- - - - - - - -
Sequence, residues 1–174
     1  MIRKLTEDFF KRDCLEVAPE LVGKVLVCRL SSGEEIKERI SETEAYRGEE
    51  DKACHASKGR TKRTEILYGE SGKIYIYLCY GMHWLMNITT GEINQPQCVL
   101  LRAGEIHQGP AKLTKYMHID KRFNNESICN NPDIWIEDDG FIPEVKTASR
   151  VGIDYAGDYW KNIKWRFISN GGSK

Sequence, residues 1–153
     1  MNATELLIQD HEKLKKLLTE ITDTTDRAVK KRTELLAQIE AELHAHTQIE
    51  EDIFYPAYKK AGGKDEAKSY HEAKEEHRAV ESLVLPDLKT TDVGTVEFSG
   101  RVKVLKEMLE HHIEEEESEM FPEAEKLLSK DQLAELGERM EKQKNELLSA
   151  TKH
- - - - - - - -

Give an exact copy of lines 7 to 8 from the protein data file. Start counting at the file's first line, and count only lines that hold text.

     1  MNATELLIQD HEKLKKLLTE ITDTTDRAVK KRTELLAQIE AELHAHTQIE
    51  EDIFYPAYKK AGGKDEAKSY HEAKEEHRAV ESLVLPDLKT TDVGTVEFSG